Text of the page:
2015 is shaping up to be a big year for the development of huge, hybrid solar power plants – the mega solar complexes that combine solar PV with solar towers and storage, and which are tipped to compete, soon, with baseload fossil fuels on both price and energy supply.
In January, the year kicked off with a record low winning bid by Saudi power firm ACWA, to build a 100MW solar tower plus storage plant in Redstone, South Africa, using technology (pictured below) from the US-based Solar Reserve, whose first completed plant in Nevada is due to begin generating power any day now.
“This a big deal. It is not a one off thing,” the chief of ACWA Power, Paddy Padmanathan told RenewEconomy at the time, in an interview.
This week, the mega solar movement has gained further momentum with the advancement of two more hybrid projects in Chile and Morocco – both taking advantage, like the South Africa project, of parts of the world with plenty of available land and rich solar resources.
In Chile, Spanish renewables group Abengoa was granted permission to build its $1.2 billion, 210MW Atacama 2 solar hybrid project in the Chilean desert.
The project will combine 100MW of solar PV and 110MW of concentrating solar power (CSP), with the latter portion of the plant equipped with storage capacity of 15 hours, ensuring a 24-hour power supply.
It will be Abengoa’s second CSP/PV hybrid plant in Chile, having already begun construction on the Atacama 1 project, also in the sun-drenched northern region of Antofagasta.
As PV Magazine reports, Chile is predicted to add around 770MW of solar PV capacity in 2015, coming from a base of less than 13MW in 2013 – currently, it has an installed total of 500MW.
Abengoa, alone, is on course to develop more than 400MW of CSP capacity in Chile in 2015, as the country aims to reach 20 per cent renewables by 2025.
In Morocco, another Spanish company, Sener, has begun construction on phases two and three of the massive Noor project – the world’s largest thermosolar complex, with a planned final production capacity of 510MW.
The complex, located near the Moroccan city of Ouarzazate, is made up of four plants, three of which will use thermosolar technology developed Sener.
The first, the 160MW Noor I plant, is fitted with Sener’s patented cylindrical parabolic troughs, and will begin operations later this year.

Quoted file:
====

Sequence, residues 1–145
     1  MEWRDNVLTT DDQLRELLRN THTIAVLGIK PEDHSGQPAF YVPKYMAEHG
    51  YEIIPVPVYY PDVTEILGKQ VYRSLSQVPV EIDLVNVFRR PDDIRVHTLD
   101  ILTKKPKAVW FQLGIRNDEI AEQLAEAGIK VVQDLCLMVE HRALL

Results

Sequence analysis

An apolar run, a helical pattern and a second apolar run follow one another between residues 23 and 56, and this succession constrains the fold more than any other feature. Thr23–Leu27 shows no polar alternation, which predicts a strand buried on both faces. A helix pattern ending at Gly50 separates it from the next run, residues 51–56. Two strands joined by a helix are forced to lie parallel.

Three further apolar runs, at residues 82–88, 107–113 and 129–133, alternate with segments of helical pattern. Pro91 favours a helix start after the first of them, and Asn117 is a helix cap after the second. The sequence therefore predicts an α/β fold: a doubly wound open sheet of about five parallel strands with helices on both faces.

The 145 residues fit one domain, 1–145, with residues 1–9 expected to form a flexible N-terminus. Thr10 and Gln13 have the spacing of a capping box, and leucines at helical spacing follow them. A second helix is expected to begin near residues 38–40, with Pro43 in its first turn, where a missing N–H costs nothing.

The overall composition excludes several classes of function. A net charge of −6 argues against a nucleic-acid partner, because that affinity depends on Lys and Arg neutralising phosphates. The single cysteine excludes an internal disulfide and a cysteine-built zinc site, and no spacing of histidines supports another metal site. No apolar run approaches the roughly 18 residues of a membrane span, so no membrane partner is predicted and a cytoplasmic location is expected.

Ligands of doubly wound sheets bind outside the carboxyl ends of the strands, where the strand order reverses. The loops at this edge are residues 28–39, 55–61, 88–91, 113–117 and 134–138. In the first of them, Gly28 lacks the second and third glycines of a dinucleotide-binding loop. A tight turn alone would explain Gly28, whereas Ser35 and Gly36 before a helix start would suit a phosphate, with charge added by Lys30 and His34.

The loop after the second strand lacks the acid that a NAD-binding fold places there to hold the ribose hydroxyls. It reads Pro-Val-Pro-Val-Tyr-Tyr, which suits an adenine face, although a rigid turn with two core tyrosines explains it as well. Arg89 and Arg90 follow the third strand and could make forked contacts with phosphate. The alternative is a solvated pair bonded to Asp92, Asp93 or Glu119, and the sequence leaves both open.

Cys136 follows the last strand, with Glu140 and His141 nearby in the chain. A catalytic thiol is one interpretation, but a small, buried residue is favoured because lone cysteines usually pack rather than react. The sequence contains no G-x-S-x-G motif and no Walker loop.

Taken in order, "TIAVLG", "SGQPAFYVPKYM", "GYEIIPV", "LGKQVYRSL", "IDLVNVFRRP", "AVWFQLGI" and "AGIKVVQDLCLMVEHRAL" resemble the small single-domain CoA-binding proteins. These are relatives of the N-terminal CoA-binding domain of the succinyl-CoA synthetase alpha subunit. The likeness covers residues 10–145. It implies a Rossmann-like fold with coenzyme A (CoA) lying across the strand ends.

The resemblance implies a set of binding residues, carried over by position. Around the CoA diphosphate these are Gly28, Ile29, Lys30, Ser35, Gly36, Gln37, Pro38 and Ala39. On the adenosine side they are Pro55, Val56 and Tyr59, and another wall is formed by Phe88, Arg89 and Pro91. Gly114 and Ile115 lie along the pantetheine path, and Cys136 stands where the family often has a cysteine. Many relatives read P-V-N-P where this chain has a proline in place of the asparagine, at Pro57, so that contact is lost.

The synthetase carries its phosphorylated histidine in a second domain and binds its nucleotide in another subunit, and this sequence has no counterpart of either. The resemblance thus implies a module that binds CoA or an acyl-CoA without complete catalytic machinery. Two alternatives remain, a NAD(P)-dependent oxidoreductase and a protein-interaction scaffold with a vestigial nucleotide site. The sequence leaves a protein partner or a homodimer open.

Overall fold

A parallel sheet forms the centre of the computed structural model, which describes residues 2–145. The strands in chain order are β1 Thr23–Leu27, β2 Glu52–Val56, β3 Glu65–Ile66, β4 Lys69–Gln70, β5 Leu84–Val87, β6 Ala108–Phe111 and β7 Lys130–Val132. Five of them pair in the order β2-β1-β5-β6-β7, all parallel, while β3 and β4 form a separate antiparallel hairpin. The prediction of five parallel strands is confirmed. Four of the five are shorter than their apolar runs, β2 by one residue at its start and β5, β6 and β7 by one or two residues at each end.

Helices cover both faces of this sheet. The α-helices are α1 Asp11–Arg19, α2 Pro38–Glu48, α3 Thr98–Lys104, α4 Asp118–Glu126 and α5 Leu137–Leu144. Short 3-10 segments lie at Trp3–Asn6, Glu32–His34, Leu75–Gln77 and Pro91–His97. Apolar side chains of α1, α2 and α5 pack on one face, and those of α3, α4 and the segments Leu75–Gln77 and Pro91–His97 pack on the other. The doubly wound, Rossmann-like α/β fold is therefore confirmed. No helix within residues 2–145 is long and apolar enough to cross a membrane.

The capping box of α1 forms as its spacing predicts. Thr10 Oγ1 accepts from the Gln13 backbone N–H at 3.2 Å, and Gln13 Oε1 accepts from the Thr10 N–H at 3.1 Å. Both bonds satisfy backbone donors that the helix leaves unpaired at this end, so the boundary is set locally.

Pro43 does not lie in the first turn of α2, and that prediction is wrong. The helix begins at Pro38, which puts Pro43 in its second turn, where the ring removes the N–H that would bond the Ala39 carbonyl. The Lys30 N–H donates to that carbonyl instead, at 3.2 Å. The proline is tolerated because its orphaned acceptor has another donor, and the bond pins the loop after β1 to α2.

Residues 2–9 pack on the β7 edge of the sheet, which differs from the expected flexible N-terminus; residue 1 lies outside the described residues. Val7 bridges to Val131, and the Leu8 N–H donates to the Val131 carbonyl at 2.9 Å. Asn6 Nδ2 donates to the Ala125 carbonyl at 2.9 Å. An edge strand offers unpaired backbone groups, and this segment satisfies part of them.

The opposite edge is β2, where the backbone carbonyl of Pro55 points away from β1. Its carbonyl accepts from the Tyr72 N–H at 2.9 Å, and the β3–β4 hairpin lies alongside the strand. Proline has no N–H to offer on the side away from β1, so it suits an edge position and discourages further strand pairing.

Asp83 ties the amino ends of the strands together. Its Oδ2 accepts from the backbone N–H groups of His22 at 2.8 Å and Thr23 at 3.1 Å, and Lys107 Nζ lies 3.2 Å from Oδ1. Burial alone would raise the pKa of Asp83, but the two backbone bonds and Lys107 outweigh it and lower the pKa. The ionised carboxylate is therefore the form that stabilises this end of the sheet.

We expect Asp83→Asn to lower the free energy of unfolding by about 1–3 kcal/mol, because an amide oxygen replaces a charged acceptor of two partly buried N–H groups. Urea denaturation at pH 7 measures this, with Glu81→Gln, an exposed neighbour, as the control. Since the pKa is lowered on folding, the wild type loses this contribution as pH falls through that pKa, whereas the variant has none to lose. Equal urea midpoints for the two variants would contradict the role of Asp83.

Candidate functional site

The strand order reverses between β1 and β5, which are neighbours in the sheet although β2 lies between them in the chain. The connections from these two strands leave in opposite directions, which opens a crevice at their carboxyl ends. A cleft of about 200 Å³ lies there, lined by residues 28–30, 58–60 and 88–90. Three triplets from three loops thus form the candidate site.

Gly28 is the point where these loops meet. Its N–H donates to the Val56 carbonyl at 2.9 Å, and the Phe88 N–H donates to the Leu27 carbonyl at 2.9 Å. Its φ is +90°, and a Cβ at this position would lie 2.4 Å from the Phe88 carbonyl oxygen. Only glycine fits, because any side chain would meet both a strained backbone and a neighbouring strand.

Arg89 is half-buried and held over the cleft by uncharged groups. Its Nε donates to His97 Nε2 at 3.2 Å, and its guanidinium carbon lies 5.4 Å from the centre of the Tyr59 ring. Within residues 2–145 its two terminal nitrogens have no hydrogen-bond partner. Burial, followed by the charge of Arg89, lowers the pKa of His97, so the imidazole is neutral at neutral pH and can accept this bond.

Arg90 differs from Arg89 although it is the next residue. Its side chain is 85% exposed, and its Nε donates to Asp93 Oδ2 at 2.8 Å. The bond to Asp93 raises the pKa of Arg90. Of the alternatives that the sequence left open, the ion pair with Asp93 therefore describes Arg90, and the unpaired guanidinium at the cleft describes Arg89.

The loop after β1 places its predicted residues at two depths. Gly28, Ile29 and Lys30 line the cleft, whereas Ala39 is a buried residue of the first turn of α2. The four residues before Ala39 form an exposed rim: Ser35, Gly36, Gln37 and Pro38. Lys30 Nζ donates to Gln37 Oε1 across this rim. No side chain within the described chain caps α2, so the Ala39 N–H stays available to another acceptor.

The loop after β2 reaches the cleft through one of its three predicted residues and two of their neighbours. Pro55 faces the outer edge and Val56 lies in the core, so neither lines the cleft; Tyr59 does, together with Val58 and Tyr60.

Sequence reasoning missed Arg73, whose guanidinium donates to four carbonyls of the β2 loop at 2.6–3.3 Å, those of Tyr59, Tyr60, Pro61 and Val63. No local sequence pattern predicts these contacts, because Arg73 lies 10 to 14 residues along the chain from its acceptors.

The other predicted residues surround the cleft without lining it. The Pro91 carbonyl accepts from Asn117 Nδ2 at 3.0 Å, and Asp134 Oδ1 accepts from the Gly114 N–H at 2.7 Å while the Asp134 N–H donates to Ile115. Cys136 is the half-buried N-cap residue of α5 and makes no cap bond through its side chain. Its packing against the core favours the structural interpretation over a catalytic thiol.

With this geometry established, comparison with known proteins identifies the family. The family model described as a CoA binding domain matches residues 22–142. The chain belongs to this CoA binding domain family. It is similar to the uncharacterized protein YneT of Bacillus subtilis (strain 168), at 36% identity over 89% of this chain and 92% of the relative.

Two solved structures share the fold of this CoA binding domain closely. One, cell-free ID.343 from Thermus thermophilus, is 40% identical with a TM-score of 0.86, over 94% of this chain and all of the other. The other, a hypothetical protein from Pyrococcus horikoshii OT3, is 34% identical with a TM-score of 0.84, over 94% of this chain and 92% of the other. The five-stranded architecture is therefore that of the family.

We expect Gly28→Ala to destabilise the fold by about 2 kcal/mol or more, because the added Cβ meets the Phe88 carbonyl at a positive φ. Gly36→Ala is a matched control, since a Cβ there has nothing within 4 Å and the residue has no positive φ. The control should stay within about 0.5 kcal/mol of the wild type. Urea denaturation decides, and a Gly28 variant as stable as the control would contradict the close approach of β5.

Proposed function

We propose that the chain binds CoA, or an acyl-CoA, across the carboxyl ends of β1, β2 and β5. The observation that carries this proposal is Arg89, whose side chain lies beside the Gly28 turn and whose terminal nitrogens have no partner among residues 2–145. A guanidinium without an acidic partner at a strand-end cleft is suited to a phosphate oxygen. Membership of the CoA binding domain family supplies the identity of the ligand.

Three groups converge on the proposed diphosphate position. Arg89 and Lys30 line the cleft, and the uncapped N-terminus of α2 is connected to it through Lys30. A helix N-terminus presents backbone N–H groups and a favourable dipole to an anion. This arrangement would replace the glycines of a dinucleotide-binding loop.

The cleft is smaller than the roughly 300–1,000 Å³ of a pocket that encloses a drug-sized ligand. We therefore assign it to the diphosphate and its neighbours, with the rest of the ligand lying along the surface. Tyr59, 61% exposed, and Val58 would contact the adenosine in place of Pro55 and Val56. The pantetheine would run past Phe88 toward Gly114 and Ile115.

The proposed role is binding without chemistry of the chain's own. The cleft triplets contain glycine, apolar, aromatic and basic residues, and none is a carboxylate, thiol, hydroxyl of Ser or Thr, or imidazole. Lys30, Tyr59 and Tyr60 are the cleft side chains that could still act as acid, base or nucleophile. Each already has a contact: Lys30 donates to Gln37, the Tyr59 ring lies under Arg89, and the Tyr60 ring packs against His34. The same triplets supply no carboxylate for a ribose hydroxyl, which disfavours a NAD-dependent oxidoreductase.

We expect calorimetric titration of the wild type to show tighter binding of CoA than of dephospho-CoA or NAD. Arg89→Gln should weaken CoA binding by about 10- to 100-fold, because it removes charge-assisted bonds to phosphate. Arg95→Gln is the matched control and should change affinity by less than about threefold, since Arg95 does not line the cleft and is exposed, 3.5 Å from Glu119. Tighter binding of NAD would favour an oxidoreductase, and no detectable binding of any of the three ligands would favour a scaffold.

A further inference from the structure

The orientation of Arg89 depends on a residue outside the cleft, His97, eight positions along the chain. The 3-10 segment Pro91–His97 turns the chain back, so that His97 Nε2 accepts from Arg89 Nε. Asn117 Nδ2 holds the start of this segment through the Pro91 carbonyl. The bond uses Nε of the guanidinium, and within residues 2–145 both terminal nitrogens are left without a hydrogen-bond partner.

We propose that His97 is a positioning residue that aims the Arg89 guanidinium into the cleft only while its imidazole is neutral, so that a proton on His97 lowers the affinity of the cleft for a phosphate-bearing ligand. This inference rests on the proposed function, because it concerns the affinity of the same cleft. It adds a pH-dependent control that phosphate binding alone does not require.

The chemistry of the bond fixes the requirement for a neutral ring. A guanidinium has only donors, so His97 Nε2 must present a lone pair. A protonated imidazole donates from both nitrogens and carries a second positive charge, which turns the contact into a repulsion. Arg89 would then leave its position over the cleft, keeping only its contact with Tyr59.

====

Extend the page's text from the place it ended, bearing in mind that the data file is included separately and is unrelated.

Noor II and Noor III will also be built by Sener, after it won a €500 million contract to complete the final two thermosolar phases of the complex.
Nor II will use the second generation of Sener’s troughs, and will have a production capacity of 200 MW. The 150MW Noor III will use central tower technology with salt receivers – the same as was used in the Gemasolar plant in Seville.
All three Noor solar plants will incorporate a molten salt storage system, making it possible to produce electricity 24 hours a day. They are expected to start commercial operations in 2017. (Noor IV will be a photovoltaic technology plant.)
According to ACWA’s Padmanathan, it is projects like these, and his company’s in South Africa, that will bring solar power directly into competition with baseload fossil fuels, making them not just cheaper than coal and gas, but just as reliable, cleaner – and without fuel price volatility.
In his January interview with RE, Padmanathan predicted that solar – a combination of PV and thermal plus storage – could make up more than half of the 140,000MW that he expects will be built in the Middle East and north Africa region (MENA) over the coming two decades.
He predicts the levelled price of solar PV plants will fall to around 4c/kWh within a few years, while the pricing of solar towers with storage will fall to around 9c/kWh.
“This (South Africa project) is completely unsubsidised. It is 20 per cent lower than what has been achieved so far, and 30 per cent below gas fired generation.
“In this part of the world, where there is plenty of land, and a good solar resource, we can compete head on, and like-for-like with fossil fuels,” he said.
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